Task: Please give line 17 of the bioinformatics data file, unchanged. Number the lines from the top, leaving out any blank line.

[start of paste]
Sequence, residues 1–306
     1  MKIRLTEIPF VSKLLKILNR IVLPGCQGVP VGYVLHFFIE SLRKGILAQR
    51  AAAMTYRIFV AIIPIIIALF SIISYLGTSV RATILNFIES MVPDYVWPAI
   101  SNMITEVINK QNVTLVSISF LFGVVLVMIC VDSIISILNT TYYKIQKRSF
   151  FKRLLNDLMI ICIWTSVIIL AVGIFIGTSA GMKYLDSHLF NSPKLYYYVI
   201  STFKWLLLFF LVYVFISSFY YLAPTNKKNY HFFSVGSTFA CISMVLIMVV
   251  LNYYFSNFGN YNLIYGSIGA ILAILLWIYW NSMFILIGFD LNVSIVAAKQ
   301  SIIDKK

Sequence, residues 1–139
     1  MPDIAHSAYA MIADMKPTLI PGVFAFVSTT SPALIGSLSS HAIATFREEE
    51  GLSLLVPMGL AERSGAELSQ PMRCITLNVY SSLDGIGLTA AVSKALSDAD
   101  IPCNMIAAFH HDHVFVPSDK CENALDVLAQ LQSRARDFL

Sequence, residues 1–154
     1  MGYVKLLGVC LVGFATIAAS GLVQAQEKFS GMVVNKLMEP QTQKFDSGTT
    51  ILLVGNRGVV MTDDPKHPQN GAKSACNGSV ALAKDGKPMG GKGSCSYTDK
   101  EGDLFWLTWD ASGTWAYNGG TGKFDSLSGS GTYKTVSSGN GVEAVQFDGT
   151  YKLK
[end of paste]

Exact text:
   151  YKLK